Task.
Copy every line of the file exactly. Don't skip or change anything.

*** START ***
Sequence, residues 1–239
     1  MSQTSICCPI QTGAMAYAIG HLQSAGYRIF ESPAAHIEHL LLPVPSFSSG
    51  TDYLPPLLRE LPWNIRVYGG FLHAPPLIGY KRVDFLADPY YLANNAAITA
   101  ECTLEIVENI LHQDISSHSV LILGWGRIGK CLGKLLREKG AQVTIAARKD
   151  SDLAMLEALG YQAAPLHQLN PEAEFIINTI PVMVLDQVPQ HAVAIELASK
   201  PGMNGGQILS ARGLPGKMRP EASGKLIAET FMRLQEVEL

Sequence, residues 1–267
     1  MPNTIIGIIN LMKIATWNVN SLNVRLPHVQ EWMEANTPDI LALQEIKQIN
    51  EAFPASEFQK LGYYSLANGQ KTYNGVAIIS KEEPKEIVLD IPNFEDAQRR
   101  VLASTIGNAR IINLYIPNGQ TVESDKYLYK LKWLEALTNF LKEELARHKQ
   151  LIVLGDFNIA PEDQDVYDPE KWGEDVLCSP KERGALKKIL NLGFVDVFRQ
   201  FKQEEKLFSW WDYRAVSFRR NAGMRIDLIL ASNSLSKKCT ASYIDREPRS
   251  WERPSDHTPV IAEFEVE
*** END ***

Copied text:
Sequence, residues 1–239
     1  MSQTSICCPI QTGAMAYAIG HLQSAGYRIF ESPAAHIEHL LLPVPSFSSG
    51  TDYLPPLLRE LPWNIRVYGG FLHAPPLIGY KRVDFLADPY YLANNAAITA
   101  ECTLEIVENI LHQDISSHSV LILGWGRIGK CLGKLLREKG AQVTIAARKD
   151  SDLAMLEALG YQAAPLHQLN PEAEFIINTI PVMVLDQVPQ HAVAIELASK
   201  PGMNGGQILS ARGLPGKMRP EASGKLIAET FMRLQEVEL

Sequence, residues 1–267
     1  MPNTIIGIIN LMKIATWNVN SLNVRLPHVQ EWMEANTPDI LALQEIKQIN
    51  EAFPASEFQK LGYYSLANGQ KTYNGVAIIS KEEPKEIVLD IPNFEDAQRR
   101  VLASTIGNAR IINLYIPNGQ TVESDKYLYK LKWLEALTNF LKEELARHKQ
   151  LIVLGDFNIA PEDQDVYDPE KWGEDVLCSP KERGALKKIL NLGFVDVFRQ
   201  FKQEEKLFSW WDYRAVSFRR NAGMRIDLIL ASNSLSKKCT ASYIDREPRS
   251  WERPSDHTPV IAEFEVE